[0016] Embodiments disclosed herein relate generally to harvesting energy ensuing from linear scattering (optical) and absorbed light (thermal) from an optical fiber. Energy harvested from optical fibers according to embodiments of the present disclosure may be used, for example, to power other downhole devices. Optical fibers disclosed herein may be used in oil and gas or other downhole applications, for example, in a downhole laser tool. Given the depth of a wellbore, a downhole laser tool may include a fiber optic cable that may be many kilometers meters long, such as 5 km, 20 km, or greater. Consequently, there may be moderate amounts of energy lost during transmission of the laser energy through such lengths of the fiber optic cable. Thus, one or more embodiments harvest this energy along a length of the fiber optic cable used in downhole applications. Once generated and collected at various points along the optical fiber, this electricity may be used to power downhole devices in the current or in a different downhole process. [0017] In optical fibers, attenuation from the reduction in intensity of a light beam as it propagates through a medium occurs primarily from scattering and absorption. Linear scattering is a physical phenomenon exhibited by waves when they are deviated from their original trajectory into a path manifold due to localized defects or irregularities in the medium through which they propagate, e.g. particles, or the interface between two materials. Optical power losses due to scattering vary, although the losses may range from 1% per kilometer (%/km) (0.043 decibel per km (dB/km)) for naturally occurring S1O2 up to 50%/km (2.2 dB/km) for fabrication quality Si0 2 - Linear scattering frequently appears as laser light propagating outside of the optical core, such as in the cladding. Further, linear scattering can also introduce absorption losses.

[0018] Absorption occurs when the energy of a photon is absorbed by a material, typically via excitement of electrons within an atom. In this way, the photon’s energy is transformed into potential energy in the atom; for example, it becomes thermal energy and heats the material. There are two regimes of absorption: 1) linear absorption, where the energy transfer does not depend on the intensity of the beam, only in its frequency; and 2) non-linear absorption, where absorption decreases with increasing light intensity. Non-linear absorption is often caused by transparency changes of the medium with increased light intensity, resulting in absorption saturation. Optical power losses in conventional silicon oxide (SiO ? .) optical fibers due to absorption may range from 17%/km (0.74 dB/km) up to 50%/k (2.2 dB/km). Specialty and hollow-core optical fibers also suffer from absorption losses, with the losses ranging from 1%/km (0.043 dB/km) up to 15%/km (0.65 dB/km). Absorption frequently appears as heating along the fiber.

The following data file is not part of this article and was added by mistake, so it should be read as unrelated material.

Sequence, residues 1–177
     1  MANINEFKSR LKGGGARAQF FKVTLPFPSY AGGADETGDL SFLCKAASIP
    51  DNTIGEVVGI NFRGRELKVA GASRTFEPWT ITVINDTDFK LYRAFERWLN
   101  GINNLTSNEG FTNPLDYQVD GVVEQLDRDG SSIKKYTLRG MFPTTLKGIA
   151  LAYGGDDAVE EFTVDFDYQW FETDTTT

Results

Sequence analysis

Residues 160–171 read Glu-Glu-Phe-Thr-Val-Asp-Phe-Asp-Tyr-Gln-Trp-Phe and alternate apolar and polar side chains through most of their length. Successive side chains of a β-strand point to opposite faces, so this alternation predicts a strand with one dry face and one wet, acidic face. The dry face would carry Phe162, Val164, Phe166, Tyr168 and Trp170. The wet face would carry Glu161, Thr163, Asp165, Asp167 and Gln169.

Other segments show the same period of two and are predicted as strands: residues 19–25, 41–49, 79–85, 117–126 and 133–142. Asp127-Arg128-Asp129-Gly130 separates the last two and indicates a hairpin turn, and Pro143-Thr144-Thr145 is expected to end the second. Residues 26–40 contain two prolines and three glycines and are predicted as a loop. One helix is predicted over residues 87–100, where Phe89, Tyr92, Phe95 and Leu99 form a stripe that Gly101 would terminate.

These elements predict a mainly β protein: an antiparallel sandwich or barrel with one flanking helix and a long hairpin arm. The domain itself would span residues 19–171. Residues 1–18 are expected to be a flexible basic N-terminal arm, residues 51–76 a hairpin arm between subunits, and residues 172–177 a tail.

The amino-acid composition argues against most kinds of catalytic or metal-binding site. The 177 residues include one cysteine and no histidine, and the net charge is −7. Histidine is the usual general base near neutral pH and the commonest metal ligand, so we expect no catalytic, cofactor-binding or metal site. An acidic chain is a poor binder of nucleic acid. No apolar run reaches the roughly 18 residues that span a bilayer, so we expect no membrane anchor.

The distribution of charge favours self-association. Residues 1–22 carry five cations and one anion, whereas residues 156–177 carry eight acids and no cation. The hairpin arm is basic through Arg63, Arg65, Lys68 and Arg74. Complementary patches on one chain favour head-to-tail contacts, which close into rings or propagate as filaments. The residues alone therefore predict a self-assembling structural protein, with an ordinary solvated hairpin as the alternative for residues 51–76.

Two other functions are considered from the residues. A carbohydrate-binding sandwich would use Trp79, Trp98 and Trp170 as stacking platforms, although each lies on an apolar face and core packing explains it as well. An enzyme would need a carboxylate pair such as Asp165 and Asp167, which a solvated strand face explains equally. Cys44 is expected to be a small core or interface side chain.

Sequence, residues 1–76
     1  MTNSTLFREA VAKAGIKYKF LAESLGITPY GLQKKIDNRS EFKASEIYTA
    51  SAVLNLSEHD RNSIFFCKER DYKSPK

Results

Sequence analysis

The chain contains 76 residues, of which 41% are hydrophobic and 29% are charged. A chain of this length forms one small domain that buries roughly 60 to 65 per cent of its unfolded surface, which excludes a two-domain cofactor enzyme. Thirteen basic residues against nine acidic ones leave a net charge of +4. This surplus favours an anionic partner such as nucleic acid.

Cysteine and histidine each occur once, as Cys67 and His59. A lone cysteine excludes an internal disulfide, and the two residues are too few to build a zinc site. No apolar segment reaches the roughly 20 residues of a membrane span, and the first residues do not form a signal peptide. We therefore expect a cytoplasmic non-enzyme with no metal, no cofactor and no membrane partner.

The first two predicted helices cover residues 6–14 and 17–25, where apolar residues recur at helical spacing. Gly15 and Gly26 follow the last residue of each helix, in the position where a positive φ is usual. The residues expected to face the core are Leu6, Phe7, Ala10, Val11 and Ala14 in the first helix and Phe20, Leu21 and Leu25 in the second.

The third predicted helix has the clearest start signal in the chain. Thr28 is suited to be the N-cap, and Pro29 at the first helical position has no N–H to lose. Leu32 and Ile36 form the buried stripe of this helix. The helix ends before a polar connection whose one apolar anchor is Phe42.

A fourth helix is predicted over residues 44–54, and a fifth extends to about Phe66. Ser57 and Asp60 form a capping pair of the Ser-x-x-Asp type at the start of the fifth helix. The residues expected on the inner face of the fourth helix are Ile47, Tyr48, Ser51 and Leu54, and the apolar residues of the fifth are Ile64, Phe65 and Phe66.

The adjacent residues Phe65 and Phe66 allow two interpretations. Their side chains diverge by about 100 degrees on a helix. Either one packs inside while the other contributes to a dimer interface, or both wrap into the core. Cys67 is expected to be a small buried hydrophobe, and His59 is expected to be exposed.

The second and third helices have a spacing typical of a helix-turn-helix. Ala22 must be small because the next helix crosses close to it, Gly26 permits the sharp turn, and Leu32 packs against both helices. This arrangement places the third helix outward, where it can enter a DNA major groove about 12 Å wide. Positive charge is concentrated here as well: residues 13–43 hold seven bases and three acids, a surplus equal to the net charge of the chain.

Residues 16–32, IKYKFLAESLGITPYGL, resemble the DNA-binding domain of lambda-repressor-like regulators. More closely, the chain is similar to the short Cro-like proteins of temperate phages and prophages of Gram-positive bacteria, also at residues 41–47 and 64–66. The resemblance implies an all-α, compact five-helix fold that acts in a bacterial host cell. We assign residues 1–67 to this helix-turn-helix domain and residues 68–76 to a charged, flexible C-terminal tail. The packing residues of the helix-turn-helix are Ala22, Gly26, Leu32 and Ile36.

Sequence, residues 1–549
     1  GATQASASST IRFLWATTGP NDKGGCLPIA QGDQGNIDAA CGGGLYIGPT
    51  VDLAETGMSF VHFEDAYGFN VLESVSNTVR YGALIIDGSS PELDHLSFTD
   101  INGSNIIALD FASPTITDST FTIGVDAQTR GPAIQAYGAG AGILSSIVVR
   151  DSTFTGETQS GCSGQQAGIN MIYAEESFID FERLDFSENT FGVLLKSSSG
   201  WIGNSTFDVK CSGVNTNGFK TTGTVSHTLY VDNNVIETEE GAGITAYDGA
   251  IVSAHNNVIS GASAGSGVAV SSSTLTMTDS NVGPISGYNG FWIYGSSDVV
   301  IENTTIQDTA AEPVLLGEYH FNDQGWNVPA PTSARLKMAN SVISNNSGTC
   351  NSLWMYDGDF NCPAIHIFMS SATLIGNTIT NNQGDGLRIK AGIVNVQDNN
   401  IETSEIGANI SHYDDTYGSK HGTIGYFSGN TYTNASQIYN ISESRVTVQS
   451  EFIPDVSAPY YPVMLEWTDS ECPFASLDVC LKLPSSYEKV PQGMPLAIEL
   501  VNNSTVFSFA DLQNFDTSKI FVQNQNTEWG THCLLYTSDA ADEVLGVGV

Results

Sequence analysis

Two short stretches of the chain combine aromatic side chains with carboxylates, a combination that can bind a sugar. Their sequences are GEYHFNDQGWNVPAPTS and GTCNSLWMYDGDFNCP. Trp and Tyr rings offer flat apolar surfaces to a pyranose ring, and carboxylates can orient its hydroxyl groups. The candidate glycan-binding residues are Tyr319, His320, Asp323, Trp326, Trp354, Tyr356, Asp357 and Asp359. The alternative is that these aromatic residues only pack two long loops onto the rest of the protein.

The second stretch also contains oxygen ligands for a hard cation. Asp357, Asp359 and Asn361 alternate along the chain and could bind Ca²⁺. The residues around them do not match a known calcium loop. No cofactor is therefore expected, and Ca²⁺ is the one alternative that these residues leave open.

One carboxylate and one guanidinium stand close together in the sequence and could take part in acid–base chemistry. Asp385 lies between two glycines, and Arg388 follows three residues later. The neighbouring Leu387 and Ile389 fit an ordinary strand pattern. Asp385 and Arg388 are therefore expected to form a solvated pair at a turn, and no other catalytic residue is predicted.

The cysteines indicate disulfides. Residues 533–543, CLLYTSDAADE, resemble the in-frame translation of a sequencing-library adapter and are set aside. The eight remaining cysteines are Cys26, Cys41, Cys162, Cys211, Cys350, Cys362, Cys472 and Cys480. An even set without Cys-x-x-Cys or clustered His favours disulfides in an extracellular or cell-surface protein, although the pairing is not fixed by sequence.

[0019] As discussed previously, linear scattering often causes light to divert from the core of an optical fiber and propagate into the surrounding materials such as the cladding and beyond. According to embodiments of the present disclosure, one or more harvesting cells made of a photovoltaic material may be applied around a fiber core in order to harvest radiant energy from scattered light from the core and generate electricity. [0020] Fundamentally, a photovoltaic device (like a harvesting cell of this disclosure) is an electrical device that converts light or other radiant energy, in the range from ultraviolet to infrared radiation, incident on its surface into electrical energy in the form of power/voltage/current that has two electrodes, an anode and a cathode with opposite electrical polarities.

[0021] Light that is incident onto the photovoltaic harvesting cell passes into the active photovoltaic material. If the light is absorbed by the photovoltaic material, the light may generate electrons and holes in the photovoltaic material. The electrons and holes are used to create an electric potential and/or an electric current that may be drawn from the photovoltaic device and applied to an external electric load. The photovoltaic harvesting cell may produce direct current, which flows through the electrodes.

[0022] Photons in the light excite electrons in the photovoltaic material and cause the electrons to separate from atoms in the photovoltaic material. In order for the photons to excite the electrons and cause the electrons to separate from the atoms in the photovoltaic material, the photons must have an energy that exceeds the energy band gap in the photovoltaic material. The energy of the photons is related to the wavelengths of light that is incident on the photovoltaic material. Therefore, light is absorbed by the photovoltaic material based on the energy band gap of the photovoltaic material and the wavelengths of the light.